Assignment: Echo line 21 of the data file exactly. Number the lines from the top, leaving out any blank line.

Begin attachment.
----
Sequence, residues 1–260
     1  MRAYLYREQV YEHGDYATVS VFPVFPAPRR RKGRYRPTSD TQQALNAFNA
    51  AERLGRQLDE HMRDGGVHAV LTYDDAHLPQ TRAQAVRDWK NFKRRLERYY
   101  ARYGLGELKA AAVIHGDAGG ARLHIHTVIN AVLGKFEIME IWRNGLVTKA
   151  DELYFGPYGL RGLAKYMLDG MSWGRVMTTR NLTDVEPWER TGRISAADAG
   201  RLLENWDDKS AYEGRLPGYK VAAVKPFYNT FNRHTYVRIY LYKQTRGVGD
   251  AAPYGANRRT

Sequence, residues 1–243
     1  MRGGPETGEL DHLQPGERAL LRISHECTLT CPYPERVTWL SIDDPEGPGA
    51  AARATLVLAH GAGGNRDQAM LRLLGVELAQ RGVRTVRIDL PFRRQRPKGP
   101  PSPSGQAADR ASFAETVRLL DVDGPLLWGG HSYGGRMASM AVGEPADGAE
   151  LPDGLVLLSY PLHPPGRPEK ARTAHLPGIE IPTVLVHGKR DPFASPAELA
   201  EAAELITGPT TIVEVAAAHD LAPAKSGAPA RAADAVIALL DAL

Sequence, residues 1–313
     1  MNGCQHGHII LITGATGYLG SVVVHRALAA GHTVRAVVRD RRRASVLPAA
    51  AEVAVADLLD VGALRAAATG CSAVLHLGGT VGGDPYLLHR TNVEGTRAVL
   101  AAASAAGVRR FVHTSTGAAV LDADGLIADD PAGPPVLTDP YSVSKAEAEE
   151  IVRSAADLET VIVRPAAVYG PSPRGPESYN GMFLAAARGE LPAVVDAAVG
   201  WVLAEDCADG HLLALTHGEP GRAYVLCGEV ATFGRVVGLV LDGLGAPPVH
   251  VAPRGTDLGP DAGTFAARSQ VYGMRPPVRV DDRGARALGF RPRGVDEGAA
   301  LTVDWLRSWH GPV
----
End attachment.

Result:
   301  LTVDWLRSWH GPV